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The export push has, by and large, been successful in comparison with Hungary's colleagues in the East bloc – the Council for Mutual Economic Assistance, or CMEA. (Pronounced Smaya). The aggregate of exports and imports now accounts for two-fifths or so of Hungary's net national product, and Hungary has succeeded in relating western prices to its own domestic price level. The country's deficit with the West is expected to fall sharply, although that, in Fekete's words is dependent to a certain extent on the harvest. "Our plans are based on an average harvest, not a big one, not a small one. If we have a good harvest it means that the financing load is less than we had planned for. This year, for instance, we have had a very good wheat harvest, though cereals as a whole are only medium. Similarly, our energy requirements are based on an average winter temperature. If we have a warm winter that also eases the financing load."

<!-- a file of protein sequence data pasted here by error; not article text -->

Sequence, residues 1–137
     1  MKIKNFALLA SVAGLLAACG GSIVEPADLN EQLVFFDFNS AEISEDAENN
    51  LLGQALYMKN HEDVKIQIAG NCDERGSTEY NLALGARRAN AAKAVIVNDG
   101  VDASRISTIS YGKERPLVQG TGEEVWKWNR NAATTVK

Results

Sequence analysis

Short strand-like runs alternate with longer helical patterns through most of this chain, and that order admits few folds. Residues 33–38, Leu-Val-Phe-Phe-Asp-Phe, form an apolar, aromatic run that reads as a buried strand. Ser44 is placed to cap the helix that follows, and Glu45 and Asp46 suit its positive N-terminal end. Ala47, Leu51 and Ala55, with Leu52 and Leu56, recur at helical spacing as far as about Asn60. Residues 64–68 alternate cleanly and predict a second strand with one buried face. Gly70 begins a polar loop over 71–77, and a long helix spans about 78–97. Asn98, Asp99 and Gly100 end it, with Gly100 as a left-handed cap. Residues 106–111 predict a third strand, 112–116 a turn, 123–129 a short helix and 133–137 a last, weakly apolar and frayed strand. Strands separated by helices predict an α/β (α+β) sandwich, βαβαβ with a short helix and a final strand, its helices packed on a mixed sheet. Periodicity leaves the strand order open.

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Later, as we drove over the Danube together in Fekete's black limousine, the central banker gestured through the snow towards the row of bright lights along the river and said:. "These lights were on, our offices were heated and our factories working while the people at our bank in London were working by candlelight during the energy crisis. We never have energy problems." Hungary gets its oil and coal requirements from with in CMEA.